While not nearly as big as the rally the Vikings and Governor Dayton put together for Saturday, stadium bill proponents have continued their strong push towards ensuring a stadium for the Minnesota Vikings franchise by holding another press event in northeast Minneapolis.
Beyond anything else, stadium supporters at this press event focused on job creation as the primary motivation for a new public works project. In order to emphasize this message, the Vikings and Governor Dayton held their rally at the union bar, Mac's Industrial Sports Bar.
There was little room for ambiguity, as the first speaker at the event, the owner of the bar started strong by gathering crowd support for union jobs, in addition to thanking majority leader Hamilton and Governor Dayton for their support.
In front of the stage may have been the most striking visual of the event - two little girls, holding signs asking for the Minnesota legislature to return their father to work. Referenced twice by speakers at the event, the humanity of these children personalized the ache of perpetual insecurity in the job market.
Shar Knutson, president of the Minnesota AFL-CIO, drove home he point that the beleagured construction industry could use much more support from the state of Minnesota in creating new opportunities for construction employment.
Further discussions with local electrician union members revealed an unwavering confidence in both the bill and the Minnesota legislature in assuring union jobs for the endeavor.
"With this [scrutiny], I can guarantee you that this will be a union project, from start to finish," one said.
But construction jobs were not the only theme at this event. Chuck Foreman, former All-Pro running back for the Minnesota Vikings, made sure that not all jobs were temporary.
"Every day, you'll have hard working Minnesotans inside and outside the stadiums, serving your community," he said.
While projected temporary job numbers were inconsistent, the larger focus of creating new jobs was not lost on the crowd. Amid cheers asking for the Minnesota Legislature to "build it," there were members of the Vikings staff silently handing out information sheets with the number "11,000" printed in large type. Knutson herself believed the project would generate 13,000 jobs.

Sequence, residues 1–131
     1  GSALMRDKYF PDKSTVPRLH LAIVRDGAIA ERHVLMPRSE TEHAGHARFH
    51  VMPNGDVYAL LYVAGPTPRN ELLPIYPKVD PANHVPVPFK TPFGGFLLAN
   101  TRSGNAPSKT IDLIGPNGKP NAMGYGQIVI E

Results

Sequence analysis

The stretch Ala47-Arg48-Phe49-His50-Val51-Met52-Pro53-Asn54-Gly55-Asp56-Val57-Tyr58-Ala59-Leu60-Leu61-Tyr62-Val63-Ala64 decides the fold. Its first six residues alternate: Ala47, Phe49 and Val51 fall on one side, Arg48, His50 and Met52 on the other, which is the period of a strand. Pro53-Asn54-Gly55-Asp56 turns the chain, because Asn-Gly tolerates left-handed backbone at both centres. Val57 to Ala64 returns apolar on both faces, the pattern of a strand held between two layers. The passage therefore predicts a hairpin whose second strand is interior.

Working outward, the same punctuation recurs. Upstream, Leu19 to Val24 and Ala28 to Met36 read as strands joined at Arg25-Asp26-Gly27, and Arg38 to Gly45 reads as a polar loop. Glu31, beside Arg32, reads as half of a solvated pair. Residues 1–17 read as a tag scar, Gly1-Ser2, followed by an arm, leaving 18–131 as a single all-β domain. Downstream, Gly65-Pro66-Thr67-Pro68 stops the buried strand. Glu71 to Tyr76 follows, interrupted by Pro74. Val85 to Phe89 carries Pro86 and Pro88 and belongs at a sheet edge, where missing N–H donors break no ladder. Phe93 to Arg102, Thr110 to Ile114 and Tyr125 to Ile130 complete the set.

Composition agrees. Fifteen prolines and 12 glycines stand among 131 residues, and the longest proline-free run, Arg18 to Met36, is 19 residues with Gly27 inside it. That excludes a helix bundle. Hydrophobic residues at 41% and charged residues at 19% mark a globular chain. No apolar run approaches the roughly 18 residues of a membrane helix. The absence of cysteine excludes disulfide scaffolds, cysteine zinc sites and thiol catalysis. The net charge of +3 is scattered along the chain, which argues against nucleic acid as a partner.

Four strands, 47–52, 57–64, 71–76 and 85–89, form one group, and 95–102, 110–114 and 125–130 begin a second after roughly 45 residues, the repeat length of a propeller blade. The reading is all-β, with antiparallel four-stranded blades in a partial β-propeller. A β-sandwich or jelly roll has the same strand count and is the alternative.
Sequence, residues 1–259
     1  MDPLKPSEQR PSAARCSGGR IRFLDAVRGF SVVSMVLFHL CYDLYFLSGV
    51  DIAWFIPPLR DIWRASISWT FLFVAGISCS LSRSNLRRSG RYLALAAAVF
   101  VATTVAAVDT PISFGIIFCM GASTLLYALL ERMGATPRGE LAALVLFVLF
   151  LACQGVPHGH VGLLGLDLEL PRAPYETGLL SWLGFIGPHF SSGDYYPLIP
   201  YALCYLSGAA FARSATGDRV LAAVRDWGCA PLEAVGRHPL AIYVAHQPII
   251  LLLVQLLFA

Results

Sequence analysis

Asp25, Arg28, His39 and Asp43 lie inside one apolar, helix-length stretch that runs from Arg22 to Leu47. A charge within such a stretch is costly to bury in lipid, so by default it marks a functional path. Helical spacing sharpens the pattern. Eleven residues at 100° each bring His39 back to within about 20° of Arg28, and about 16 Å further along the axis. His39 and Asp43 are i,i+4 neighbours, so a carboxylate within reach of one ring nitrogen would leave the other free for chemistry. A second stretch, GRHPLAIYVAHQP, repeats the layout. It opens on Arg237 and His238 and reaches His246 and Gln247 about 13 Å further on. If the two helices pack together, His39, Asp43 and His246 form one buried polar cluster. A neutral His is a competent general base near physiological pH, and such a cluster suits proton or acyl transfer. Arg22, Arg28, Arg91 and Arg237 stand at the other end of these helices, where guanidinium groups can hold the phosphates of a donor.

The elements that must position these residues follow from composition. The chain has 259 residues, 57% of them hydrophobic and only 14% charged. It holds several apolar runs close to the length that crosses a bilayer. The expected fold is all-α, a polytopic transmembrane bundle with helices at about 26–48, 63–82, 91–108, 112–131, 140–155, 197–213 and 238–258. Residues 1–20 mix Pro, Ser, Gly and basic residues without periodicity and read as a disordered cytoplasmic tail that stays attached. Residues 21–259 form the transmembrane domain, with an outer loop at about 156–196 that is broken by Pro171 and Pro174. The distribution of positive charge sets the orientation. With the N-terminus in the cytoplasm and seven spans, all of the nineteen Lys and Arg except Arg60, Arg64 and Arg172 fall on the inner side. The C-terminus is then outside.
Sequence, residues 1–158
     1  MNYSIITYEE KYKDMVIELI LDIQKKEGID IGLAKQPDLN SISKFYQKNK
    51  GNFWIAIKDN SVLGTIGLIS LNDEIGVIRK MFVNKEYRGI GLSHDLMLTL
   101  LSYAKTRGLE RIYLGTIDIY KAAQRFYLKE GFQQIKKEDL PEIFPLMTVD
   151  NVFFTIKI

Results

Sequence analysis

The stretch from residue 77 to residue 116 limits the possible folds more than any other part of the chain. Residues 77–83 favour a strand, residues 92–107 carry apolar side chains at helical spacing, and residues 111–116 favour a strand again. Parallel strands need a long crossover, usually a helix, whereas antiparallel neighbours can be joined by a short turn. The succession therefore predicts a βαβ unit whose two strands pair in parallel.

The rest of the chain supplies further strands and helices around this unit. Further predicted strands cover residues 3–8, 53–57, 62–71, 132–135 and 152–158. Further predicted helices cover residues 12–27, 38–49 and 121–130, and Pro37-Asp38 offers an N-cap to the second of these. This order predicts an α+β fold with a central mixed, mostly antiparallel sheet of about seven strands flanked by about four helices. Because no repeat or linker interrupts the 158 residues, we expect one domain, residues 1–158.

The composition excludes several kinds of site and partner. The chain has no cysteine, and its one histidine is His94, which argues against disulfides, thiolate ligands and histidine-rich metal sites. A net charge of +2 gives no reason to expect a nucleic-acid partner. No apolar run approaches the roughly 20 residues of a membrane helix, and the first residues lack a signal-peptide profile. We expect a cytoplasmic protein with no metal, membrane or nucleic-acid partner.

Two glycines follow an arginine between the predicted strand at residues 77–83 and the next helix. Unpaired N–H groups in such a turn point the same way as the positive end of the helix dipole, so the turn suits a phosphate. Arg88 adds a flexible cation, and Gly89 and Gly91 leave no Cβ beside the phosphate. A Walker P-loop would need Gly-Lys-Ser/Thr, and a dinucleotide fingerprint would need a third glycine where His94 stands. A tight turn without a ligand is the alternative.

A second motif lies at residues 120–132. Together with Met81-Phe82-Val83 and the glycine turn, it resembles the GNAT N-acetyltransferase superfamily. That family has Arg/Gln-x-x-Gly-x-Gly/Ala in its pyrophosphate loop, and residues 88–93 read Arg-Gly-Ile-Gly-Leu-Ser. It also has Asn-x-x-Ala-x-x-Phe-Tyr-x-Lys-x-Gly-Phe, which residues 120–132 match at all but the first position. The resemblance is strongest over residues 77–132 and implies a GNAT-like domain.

Foreman's assurance for permanent benefits was further reinforced by Dayton and Hamilton. Explicit infrastructure improvements, both at the stadium and in its surrounding environs, was guaranteed to "get Minnesota's economy moving again."
And speakers were well aware of critics. Hamilton went so far as to point out the callousness of a well-known Forbes article, specifically indicting what he called its understanding that "construction jobs did not help the economy." His contention that construction jobs are stimulative is well-supported by other contemporary research.
Hamilton, however, focused on a different aspect in his support for the Minnesota Vikings. "I just love football," he said. Referencing the popular Clean Water, Land and Legacy Amendment ratified in 2008, Hamilton argued that his arts and entertainment was best found on the gridiron. He also may have had the most profound line of the night, "This isn't a red issue or a blue issue - it's a purple issue," he said, straining to be heard over the cheering assembly.
Foreman and others agreed that Minnesota would be losing a big part of its culture if the Vikings were let go. But, he didn't doubt the ability of Minnesotans to get things done.
"I remember my first game, my rookie year at the Met," he told the crowd. "It was cold. And you know, I'm from Miami, and I was very cold. But I turned around to the crowd and I saw you. I saw all of the fans watching me, out in the cold. I knew then, that I could do it."
He made sure the crowd understood how important the fans were to the Minnesota Vikings, going so far as to say "I don't want to sign autographs in L.A. They didn't cheer for me."
Gregarious to the last, Foreman soon after entered the crowd in order to sign autographs and chat with supporters, even revealing that he lost his way to the bar, and followed a fan wearing an "Alan Page" in order to get there.
The Vikings are asking people to appear at the capitol on Monday and are holding another rally at 2:00 in the rotunda. They asked fans to call or email their legislators, either through vikings.com or www.gis.leg.mn/openlayers/districts
They also had staff on hand to provide district information to any who asked, as well as the number for the Senate switchboard (651)-296-0504 and the House switchboard (651)-296-2146 if fans wanted to find out later.
Other speakers at the event included Minneapolis Mayor R.T. Rybak, who went out of his way to thank Representative Zeller for allowing the bill to come to a floor vote, and Lester Bagley, Vikings Vice President of Public Affairs. Rybak pounded home the jobs message, and Bagley emphasized the Vikings' cultural legacy in the state of Minnesota.